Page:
Mona S. writes
I recently had the experience of seeing my beloved Green Cheek Conure do what I would describe as projectile vomiting, which absolutely scared me to nearly to death.
I have owned birds for about 30 years or so and had never seen anything like this.
Actually, I was not even aware that birds could vomit at all, except for regurgitating to feed their young.
This looked like someone had turned on the faucet for a couple of seconds.
Fortunately, he has been perfectly fine ever since.
Do you have any idea as to what could cause something like this to happen?
Thanks for your time (and for your very information Sunday Brunch emails).
We appreciate your positive feedback about our Sunday get-togethers.
It’s your Sunday Birdie Brunch (not ours:-)
A labor of love.
Food ejected from a bird’s mouth comes in two forms.
Vomiting shoots everything in the proventriculus, ventriculus, and/or intestine, out.
The food will look like it’s in various states of digestion
You’ll notice your bird shake it’s head from side to side when vomiting.
Vomiting is a sure sign that your bird is sick and should be seen by a qualified veterinarian ASAP.
Then we have regurgitation.
Birds regurgitate the contents of their mouth, esophagus and/or crop.
If the food particulate shooting from the bird’s mouth appears to be undigested seeds and recently eaten foods, that’s regurgitation.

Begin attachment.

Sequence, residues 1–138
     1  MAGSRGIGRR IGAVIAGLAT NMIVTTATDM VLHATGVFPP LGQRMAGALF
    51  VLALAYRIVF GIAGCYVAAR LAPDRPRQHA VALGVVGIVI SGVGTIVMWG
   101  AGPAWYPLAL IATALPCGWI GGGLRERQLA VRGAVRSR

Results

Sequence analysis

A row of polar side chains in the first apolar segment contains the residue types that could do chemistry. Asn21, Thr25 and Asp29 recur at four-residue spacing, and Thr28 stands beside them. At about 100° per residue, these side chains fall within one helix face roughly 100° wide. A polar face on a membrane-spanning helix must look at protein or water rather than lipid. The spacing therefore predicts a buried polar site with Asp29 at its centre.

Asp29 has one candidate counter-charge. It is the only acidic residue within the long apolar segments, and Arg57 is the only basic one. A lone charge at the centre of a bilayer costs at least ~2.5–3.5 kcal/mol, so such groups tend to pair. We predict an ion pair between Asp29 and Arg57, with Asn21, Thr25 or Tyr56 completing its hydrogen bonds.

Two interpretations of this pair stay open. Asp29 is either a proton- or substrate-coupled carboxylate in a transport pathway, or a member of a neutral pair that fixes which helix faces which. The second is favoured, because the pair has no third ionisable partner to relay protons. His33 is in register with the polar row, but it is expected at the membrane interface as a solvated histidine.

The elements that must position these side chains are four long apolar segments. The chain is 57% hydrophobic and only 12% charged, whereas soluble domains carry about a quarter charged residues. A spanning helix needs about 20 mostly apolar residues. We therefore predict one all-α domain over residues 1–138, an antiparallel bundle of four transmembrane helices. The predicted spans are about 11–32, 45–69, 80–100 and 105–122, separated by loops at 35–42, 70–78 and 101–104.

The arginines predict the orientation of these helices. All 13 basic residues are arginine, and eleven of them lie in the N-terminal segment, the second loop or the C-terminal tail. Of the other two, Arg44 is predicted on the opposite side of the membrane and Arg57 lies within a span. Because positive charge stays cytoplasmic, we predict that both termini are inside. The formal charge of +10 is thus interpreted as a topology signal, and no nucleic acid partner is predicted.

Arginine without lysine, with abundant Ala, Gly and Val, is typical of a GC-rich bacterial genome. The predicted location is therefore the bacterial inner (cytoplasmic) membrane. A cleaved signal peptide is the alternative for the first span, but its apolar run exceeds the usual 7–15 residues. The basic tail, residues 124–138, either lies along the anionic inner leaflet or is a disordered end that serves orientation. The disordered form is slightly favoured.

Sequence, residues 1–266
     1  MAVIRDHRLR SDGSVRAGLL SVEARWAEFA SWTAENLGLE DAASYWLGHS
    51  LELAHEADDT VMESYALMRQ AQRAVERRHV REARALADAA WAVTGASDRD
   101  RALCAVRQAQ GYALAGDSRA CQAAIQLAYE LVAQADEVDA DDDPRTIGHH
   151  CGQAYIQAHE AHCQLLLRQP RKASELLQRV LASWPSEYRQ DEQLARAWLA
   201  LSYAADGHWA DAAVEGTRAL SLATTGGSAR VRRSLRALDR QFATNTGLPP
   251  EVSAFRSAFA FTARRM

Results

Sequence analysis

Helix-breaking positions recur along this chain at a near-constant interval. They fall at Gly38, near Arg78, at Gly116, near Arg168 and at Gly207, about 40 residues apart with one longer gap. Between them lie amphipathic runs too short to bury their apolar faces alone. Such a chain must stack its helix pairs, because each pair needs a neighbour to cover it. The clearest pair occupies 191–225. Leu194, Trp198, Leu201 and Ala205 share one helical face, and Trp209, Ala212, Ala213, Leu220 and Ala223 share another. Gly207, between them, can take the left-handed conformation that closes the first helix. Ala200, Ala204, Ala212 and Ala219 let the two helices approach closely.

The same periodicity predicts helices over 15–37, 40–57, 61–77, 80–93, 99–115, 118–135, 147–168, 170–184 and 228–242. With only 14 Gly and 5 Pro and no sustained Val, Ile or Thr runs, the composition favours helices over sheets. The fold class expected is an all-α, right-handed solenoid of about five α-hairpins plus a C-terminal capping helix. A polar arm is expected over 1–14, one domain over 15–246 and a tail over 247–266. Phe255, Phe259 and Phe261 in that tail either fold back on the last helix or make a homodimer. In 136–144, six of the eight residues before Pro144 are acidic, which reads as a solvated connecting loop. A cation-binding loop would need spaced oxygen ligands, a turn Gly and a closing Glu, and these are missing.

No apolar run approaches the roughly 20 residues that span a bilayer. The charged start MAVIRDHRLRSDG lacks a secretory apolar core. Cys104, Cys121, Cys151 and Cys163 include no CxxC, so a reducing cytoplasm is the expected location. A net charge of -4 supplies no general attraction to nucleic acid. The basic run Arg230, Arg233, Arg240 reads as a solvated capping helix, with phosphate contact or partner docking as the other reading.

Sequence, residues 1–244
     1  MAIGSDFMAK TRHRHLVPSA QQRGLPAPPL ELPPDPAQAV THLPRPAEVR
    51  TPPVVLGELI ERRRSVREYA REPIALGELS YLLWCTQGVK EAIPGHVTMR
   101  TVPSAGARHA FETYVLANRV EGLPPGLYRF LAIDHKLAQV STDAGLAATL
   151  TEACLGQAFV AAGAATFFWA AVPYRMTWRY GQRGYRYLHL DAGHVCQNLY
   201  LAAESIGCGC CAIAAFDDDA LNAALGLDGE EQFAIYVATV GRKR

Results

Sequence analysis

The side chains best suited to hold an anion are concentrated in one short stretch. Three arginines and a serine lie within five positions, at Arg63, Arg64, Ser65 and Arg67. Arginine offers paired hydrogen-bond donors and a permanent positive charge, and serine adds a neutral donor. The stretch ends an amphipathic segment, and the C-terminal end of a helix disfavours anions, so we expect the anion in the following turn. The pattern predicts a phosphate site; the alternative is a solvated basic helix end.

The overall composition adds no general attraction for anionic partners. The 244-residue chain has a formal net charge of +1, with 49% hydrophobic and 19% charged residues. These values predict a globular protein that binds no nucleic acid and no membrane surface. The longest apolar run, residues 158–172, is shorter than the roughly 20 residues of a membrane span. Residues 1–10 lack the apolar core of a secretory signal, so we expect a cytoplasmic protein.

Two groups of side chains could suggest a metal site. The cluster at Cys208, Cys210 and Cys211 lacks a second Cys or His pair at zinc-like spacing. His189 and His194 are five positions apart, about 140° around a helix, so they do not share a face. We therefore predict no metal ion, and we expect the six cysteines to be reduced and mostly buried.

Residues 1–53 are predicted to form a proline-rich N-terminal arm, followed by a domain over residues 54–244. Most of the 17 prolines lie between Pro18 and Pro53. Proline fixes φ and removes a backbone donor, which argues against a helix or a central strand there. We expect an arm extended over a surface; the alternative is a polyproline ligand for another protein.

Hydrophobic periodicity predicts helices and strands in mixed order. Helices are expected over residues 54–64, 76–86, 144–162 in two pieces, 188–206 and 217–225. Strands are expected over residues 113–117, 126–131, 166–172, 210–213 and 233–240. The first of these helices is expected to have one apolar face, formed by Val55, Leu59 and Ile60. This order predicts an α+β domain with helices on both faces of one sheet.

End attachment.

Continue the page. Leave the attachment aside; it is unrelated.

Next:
Remember digestive systems are designed in part to be defense mechanisms.
Much as a mammal in the wild defecates when it senses fear to make it lighter and faster (think deer), nature designed the crop to store food prior to digestion.
A crop regurgitation can occur when a bird is frightened and wants to fly away rapidly.
Emptying the crop lightens the load and enables faster flight.
Something I always bring into the convo is car sick bird regurgitation which I hear more of than I ever thought I would.
I mean they are birds and should be instinctual travelers.
Who knows, it could be exhaust fumes or the erratic motion of a vehicle as opposed to the flawless motion birds experience in flight.
In any case, I’ve read mind-numbing lists of things you can give your bird to avoid regurgitation prior to car travel.
Never could I determine how anyone had scientifically calculated the proper dosage of anything based upon a birds weight.
My old school technique for bird car sickness regurgitation avoidance is to simply not feed your pet bird for about six hours prior to terrestrial travel.
Will your bird be hungry?
Yes, but you will avoid the trauma a bird experiences during regurgitation.
How does a bird come to regurgitate or vomit?
Viral diseases like polyomavirus and psittacine beak and feather disease can trigger regurgitation.
Parasites like mites and tapeworms can trigger vomiting.
Bacteria like Salmonella and Pasteurella can trigger vomiting.
Excessive protein can trigger regurgitation.
Fumes from dangerous household products, like overheated Teflon can trigger vomiting and cause death.
Given this information, I hope you’ll be able to start detective work to determine the cause of your conure’s vomiting.
As for not seeing something like this in 30 years, there are a million things our birds can always teach us.
best of luck
Rich M. asks
Have 18 yr old Blue Crown Conure that has developed all the symptoms of Ataxia.
Not much treatment info on the web.
He’s been slowly losing weight even though we feed him high iron baby food with a syringe.
Trying to keep him comfortable but he’s been falling off the perch occasionally at night and has difficulty perching during the day.
Hey Rich, I’m sorry to hear of the problems you’re having with your BCC.